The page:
I suppose if I'm an -ian anything then I'm a Habermasian, at least when it comes to political theory. That doesn't mean, however, that I always agree with the great man's recent political writings; sometimes yes, sometimes no.
This translation by Brett Marston of a fragment of a recent statement by Habermas (in a debate with then-Cardinal Ratzinger, no less!), certainly makes it sound like this essay would be one of the ones I agree with. I'm very gratefull for this partial translation (Thanks, Bret!), and would love a pointer to a full translation of both parts of the debate if anyone knows of one.
It seems obvious to me that so long as there is belief there is a place for religion in politics. People should not check their ethical commitments before they reach the ballot box. But in a pluralistic society it doesn't follow that the state should be enlisted to enforce religious dictates. Nor does it necessarily follow, although here things get more complex, that an elected official should vote her constituents' wishes over her faith — or, for that matter, vice versa.
The tricky part of course is figuring out what are the basic moral commands that can't be compromised. For some, it's abortion, poverty in the face of plenty, the death penalty, pornography, or torture, and in my mind each of those views is worthy of respect — including the ones I disagree with. When they don't command consensus, and I think not even the ban on torture does any more, they should be discussed, as respectfully as possible.
When would such a conflict between faith and constituency arise without deception on the part of the political representative? Surely if a belief is so powerful that it goes to the core of the representative’s understanding of all of existence then they have a democratic duty to reveal that belief to their constituents as a candidate. Perhaps someone can come up with an example, but I cannot think of a single politician who could have possibly hidden their real religious beliefs from their constituents as a matter of preserving secular democracy–rather, they hide or misrepresent their beliefs in order to convince constituents whose beliefs differ that they hold compatible beliefs.
I personally am more than annoyed by the coverage of the intersection of religion and politics, not least because the secularist, centrist media feels some bizarre compulsion to report all religious belief as politically conservative. In the America on the news, there is no way in which a liberal could view their actions as being religiously imperative, neutral, or even acceptable. All liberalism is hostile to religion. It’s not like the real America is that way–I personally could find you dozens of religious leaders who consider such programs as Social Security (that is to say, care for the elderly) to be essential to their faith. Yet they’ll never be on Crossfire. I still remember the Gene Robinson fiasco–can anyone list a single religious leader who was interview by the major media who supported Robinson? It was always a secular liberal trotted out against a religious conservative.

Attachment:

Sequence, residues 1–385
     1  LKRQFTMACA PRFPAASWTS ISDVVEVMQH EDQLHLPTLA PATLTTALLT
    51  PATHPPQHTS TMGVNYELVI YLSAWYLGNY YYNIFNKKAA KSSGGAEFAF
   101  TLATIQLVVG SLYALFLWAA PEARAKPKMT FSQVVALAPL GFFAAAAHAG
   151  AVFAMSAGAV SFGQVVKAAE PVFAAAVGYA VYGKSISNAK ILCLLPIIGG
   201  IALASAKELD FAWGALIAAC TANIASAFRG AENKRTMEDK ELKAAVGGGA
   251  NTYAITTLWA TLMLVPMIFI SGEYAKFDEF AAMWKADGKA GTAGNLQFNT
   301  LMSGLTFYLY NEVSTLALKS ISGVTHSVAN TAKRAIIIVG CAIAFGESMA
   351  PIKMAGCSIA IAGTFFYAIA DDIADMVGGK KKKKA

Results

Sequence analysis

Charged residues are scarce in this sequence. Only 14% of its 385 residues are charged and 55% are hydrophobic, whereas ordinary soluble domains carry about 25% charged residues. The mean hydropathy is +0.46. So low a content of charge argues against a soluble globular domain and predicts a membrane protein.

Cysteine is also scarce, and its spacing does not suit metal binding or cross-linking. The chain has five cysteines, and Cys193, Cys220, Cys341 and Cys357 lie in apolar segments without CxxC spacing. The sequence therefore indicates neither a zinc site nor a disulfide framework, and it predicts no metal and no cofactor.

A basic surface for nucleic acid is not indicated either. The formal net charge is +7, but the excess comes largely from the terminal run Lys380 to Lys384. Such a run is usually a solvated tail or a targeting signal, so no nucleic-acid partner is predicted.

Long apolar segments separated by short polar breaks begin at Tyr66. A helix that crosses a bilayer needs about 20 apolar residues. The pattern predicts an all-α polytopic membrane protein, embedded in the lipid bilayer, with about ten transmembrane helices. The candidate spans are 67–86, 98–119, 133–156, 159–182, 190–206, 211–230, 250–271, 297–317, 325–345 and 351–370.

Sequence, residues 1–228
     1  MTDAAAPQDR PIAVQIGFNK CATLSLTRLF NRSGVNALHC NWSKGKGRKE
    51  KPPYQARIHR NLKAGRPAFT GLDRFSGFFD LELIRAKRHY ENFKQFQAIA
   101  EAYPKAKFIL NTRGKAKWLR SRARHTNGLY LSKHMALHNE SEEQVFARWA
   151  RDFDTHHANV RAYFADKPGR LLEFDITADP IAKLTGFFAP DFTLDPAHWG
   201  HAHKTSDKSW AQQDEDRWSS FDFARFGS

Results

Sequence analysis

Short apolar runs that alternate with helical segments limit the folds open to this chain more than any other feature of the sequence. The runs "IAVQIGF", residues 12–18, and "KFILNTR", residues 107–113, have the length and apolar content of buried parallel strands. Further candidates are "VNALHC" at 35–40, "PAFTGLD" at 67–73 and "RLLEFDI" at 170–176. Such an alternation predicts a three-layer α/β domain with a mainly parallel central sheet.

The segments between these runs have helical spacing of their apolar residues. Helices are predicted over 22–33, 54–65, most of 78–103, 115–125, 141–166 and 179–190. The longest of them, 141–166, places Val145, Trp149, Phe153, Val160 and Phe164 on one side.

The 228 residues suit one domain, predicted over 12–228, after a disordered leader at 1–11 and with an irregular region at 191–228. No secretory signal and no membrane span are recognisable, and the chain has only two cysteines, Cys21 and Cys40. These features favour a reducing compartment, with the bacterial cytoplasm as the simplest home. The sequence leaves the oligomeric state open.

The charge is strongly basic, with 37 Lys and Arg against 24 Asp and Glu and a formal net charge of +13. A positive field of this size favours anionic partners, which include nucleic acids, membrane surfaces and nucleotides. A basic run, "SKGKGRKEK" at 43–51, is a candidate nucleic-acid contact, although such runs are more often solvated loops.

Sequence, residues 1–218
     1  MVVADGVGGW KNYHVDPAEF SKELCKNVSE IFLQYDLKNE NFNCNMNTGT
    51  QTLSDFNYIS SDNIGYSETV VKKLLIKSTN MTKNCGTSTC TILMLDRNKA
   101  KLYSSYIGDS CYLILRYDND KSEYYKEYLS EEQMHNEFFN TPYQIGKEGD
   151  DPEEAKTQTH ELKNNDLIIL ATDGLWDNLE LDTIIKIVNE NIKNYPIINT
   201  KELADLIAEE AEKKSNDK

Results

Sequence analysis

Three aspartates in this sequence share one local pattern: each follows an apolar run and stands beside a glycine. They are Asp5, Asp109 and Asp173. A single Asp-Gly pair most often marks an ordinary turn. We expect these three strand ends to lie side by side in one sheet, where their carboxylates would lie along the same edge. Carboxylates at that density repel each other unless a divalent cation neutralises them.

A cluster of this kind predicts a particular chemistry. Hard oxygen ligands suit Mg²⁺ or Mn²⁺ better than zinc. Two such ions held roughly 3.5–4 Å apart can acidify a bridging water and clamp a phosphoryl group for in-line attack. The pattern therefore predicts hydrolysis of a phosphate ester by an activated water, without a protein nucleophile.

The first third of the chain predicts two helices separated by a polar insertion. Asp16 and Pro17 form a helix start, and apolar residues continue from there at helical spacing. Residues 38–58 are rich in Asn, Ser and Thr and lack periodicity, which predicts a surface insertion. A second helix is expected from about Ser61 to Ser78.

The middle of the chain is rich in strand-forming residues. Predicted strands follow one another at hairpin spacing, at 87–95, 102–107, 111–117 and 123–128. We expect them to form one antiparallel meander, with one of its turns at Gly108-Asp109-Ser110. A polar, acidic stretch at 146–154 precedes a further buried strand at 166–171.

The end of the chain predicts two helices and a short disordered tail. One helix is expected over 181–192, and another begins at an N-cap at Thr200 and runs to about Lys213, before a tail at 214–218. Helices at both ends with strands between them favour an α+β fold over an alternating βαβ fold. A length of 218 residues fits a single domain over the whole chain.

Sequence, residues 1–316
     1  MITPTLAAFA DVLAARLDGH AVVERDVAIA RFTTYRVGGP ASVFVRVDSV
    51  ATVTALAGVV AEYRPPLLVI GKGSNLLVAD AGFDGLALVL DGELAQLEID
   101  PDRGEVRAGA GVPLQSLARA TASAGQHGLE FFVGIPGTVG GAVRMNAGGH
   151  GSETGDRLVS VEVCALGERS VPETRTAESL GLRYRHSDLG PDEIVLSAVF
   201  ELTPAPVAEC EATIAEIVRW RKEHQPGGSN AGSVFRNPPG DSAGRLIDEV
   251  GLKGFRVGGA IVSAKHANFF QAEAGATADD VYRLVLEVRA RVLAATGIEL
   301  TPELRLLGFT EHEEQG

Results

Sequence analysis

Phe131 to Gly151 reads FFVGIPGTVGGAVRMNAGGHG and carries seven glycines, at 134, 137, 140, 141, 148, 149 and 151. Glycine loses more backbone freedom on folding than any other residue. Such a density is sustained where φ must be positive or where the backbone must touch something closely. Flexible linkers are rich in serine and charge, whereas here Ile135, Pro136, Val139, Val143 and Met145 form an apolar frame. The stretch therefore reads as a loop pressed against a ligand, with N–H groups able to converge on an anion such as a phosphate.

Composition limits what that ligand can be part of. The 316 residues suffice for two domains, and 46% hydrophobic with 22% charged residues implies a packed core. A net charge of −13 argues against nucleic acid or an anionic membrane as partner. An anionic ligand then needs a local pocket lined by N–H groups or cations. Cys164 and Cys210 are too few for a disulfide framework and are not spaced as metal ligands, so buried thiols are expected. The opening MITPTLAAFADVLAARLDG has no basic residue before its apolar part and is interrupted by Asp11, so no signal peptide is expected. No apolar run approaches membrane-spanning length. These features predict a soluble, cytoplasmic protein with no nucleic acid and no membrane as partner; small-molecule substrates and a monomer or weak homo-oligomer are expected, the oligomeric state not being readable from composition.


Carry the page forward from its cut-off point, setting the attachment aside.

I’d like to interject more arguments-from-faith into democracy in the hopes it would be bring balance and serve democracy, but something tells me at this juncture in history it would be nothing but an endless parade of Republican wedge issues: abortion, creationism, and homosexuality. No death penalty. No welfare. No health care. No war. No stem cells. Just baby-killers, god-haters, and fags over and over and over again. And not only would that injure democracy but, as was the other motivation of the “wall of seperation,” it would infect religion itself, as it already does today. I have a couple Christian friends at Harvard Law who can’t find suitable students groups because every group they find appears obsessed with abortion, creationism, and homosexuality, and care very little for anything even resembling theological consideration. Keep in mind that’s at a supposedly liberal school in a liberal town. You don’t want to know what the churches were like in Mississippi, where I grew up.
As a fellow Habermasian, I also have to say that it’s real hot that the Pope (albeit pre-pope status) got into a debate with him. Yea! Yea! Take that, all other philosophers!
On substance, however, I think we need to make the distinction clear between the invitation of religious views into the public sphere and the unfiltered enactment of such views into law. In other words: certainly religious discourse is part of the debate, but those who make law should — at least in the U.S. and other countries with an establishment clause mandating religous neutrality — ensure that those religious views which are even the least bit controversial don’t find there way into the law without some independent secular justification therefor. (Query whether I’m endorsing deception as to the real motives of legislation here?)
Michael, please please post if someone does post a translation of the full thing. (I really need to learn German.) Habermas is a genius, and it’s a bummer to not be able to read the extracts available in context.
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Habermasian? It’s a short step to de Maistre.
Okay, so maybe Habermas holds reason responsible for the materialism he hates and longs for the resacrilization of mittel Europe.
But let’s not make one old man’s idiosyncrasy into a general political ethic.
OW! de Maistre? That’s harsh! I don’t think Habermas was calling for the “resacrilization” of anything. If you read the linked translation, he’s quite explicitly calling for neutrality between secular and religious worldviews.